Molecular cytogenetic characterization of esophageal cancer detected by comparative genomic hybridization

Authors

  • Yuli C. Chang,

    1. Departments of Medical Research and Laboratory Medicine, Kaohsiung Medical University Hospital, Kaohsiung, Taiwan
    2. Graduate Institute of Medical Research, College of Medicine, Kaohsiung Medical University, Kaohsiung, Taiwan
    Search for more papers by this author
  • Kun-Tu Yeh,

    1. Department of Pathology, Changhua Christian Hospital, Changhua, Taiwan
    Search for more papers by this author
  • Ta-Chih Liu,

    1. Departments of Medical Research and Laboratory Medicine, Kaohsiung Medical University Hospital, Kaohsiung, Taiwan
    2. Graduate Institute of Medical Research, College of Medicine, Kaohsiung Medical University, Kaohsiung, Taiwan
    Search for more papers by this author
  • Jan-Gowth Chang

    Corresponding author
    1. Departments of Medical Research and Laboratory Medicine, Kaohsiung Medical University Hospital, Kaohsiung, Taiwan
    2. Graduate Institute of Medical Research, College of Medicine, Kaohsiung Medical University, Kaohsiung, Taiwan
    • Department of Laboratory Medicine, Kaohsiung Medical University Hospital, No.100, Tzyou 1st Road, Kaohsiung 807, Taiwan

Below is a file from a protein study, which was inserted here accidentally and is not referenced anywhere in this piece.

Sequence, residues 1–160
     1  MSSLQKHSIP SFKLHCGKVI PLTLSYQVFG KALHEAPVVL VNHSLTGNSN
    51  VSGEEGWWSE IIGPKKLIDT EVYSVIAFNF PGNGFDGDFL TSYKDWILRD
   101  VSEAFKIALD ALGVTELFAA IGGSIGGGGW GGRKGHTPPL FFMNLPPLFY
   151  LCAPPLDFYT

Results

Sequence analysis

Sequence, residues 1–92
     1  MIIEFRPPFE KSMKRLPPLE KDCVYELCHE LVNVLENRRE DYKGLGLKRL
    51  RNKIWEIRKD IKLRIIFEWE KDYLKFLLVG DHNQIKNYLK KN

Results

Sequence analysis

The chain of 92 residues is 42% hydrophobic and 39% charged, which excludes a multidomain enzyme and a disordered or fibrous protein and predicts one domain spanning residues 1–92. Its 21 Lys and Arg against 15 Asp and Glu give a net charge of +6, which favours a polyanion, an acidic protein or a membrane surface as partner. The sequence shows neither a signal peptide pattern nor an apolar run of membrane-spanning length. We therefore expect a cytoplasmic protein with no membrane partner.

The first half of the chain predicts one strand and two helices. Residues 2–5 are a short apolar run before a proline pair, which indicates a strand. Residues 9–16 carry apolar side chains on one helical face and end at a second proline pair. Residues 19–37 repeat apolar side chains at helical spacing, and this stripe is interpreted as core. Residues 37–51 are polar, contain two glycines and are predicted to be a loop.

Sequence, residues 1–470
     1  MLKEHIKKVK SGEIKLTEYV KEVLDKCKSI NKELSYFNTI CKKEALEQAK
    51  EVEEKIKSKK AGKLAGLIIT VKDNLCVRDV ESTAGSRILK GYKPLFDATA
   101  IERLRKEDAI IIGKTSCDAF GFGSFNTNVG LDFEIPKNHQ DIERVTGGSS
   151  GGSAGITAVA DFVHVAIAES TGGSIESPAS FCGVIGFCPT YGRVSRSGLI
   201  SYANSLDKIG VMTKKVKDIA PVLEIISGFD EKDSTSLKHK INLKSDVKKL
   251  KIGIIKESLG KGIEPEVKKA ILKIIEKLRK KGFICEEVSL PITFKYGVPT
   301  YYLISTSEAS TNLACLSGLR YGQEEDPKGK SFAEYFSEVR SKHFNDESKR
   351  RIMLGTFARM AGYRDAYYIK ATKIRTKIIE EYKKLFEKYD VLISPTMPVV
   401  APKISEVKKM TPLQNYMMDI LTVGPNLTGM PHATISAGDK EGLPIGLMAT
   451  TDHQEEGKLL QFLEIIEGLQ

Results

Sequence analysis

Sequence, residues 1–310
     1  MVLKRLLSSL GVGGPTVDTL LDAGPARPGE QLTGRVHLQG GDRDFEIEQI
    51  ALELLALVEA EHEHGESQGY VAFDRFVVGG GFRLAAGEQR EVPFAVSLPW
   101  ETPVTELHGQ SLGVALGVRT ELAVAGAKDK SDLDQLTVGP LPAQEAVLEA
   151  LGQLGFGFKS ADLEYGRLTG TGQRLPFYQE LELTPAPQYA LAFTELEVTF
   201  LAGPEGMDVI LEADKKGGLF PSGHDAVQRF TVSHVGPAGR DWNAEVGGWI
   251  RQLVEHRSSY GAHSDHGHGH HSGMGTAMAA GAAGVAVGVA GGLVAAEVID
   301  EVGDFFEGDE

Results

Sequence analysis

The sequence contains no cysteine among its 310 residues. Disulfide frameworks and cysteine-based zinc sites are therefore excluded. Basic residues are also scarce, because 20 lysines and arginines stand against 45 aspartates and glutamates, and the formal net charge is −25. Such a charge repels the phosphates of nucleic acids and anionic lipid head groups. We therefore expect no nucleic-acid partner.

Search for more papers by this author

Abstract

Aim: Detection of cytogenetic alterations in esophageal cancer (EC). A total of 40 cases of primary EC and their paired nearby nontumor tissues were collected. The comparative genomic hybridization (CGH) is the technique that brings out the gains and losses of chromosome fragments and was applied to determine the aberrations from the tissue DNA. In noncancer tissues, the gains were at 19p (5/40, 13%), 20q (5/40, 13%), and losses at 9p (13/40, 33%), 2q (10/40, 25%), 12q (10/40, 25%), 13q (10/40, 25%), 5q (9/40, 23%), 6q (9/40, 23%), 7q (9/40, 23%), and 8p (9/40, 23%). Two cases in nontumor tissues showed no CGH change. In the 40 cases of primary EC, the gains were at 8q (10/40, 25%), 3q (9/40, 23%), 2q (7/40, 18%), and 13q (7/40, 18%), and the losses were at 1q (8/40, 20%), 4q (8/40, 20%), 3p (7/40, 18%), 5q (7/40, 18%), and 18q (7/40, 18%) in comparison with paired nearby noncancerous tissues. We found that the loss aberrations were on 1q, 2p, 3p, 5q, 6q, 9p, 11p, 15q, 16q, 18q, 21q and gains on 20p in both tumor and nontumor tissues; nevertheless, −4p, −7q, −8p, −10q, −12q, −13q, −14q and +17p, +19q, +22q were only found in nontumor tissues and +1q, +2pq, +3q, −4q, +4q, +5q, 7p, +8q, +10q, +12q, +13q, +14q −17p, −19pq, −22q in EC. From these results, we suggest that most of the tissues near the cancer parts of EC may be considered as a precancerous region. The alteration between cancer and noncancer tissues may play a role in the development of EC. J. Clin. Lab. Anal. 24:167–174, 2010.© 2010 Wiley-Liss, Inc.

Ancillary